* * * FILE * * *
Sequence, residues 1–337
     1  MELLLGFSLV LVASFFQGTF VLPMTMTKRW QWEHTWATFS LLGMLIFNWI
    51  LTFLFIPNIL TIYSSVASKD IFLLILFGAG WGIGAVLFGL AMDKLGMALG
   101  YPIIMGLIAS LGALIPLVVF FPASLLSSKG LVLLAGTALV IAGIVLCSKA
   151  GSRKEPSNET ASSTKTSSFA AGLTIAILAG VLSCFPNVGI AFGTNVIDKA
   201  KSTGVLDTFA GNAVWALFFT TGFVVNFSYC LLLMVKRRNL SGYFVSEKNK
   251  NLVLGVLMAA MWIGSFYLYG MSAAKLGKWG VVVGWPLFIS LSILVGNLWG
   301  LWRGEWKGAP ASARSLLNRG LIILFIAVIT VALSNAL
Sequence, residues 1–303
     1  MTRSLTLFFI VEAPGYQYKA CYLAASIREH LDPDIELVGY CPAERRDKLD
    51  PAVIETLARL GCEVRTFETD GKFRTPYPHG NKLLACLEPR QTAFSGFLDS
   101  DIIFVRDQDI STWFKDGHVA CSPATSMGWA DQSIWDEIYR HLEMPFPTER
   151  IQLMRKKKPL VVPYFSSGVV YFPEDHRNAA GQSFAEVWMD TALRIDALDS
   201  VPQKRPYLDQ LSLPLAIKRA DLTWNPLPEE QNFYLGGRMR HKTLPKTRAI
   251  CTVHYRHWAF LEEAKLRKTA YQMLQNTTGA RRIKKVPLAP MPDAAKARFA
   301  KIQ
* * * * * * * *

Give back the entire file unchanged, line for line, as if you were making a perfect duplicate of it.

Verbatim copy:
Sequence, residues 1–337
     1  MELLLGFSLV LVASFFQGTF VLPMTMTKRW QWEHTWATFS LLGMLIFNWI
    51  LTFLFIPNIL TIYSSVASKD IFLLILFGAG WGIGAVLFGL AMDKLGMALG
   101  YPIIMGLIAS LGALIPLVVF FPASLLSSKG LVLLAGTALV IAGIVLCSKA
   151  GSRKEPSNET ASSTKTSSFA AGLTIAILAG VLSCFPNVGI AFGTNVIDKA
   201  KSTGVLDTFA GNAVWALFFT TGFVVNFSYC LLLMVKRRNL SGYFVSEKNK
   251  NLVLGVLMAA MWIGSFYLYG MSAAKLGKWG VVVGWPLFIS LSILVGNLWG
   301  LWRGEWKGAP ASARSLLNRG LIILFIAVIT VALSNAL
Sequence, residues 1–303
     1  MTRSLTLFFI VEAPGYQYKA CYLAASIREH LDPDIELVGY CPAERRDKLD
    51  PAVIETLARL GCEVRTFETD GKFRTPYPHG NKLLACLEPR QTAFSGFLDS
   101  DIIFVRDQDI STWFKDGHVA CSPATSMGWA DQSIWDEIYR HLEMPFPTER
   151  IQLMRKKKPL VVPYFSSGVV YFPEDHRNAA GQSFAEVWMD TALRIDALDS
   201  VPQKRPYLDQ LSLPLAIKRA DLTWNPLPEE QNFYLGGRMR HKTLPKTRAI
   251  CTVHYRHWAF LEEAKLRKTA YQMLQNTTGA RRIKKVPLAP MPDAAKARFA
   301  KIQ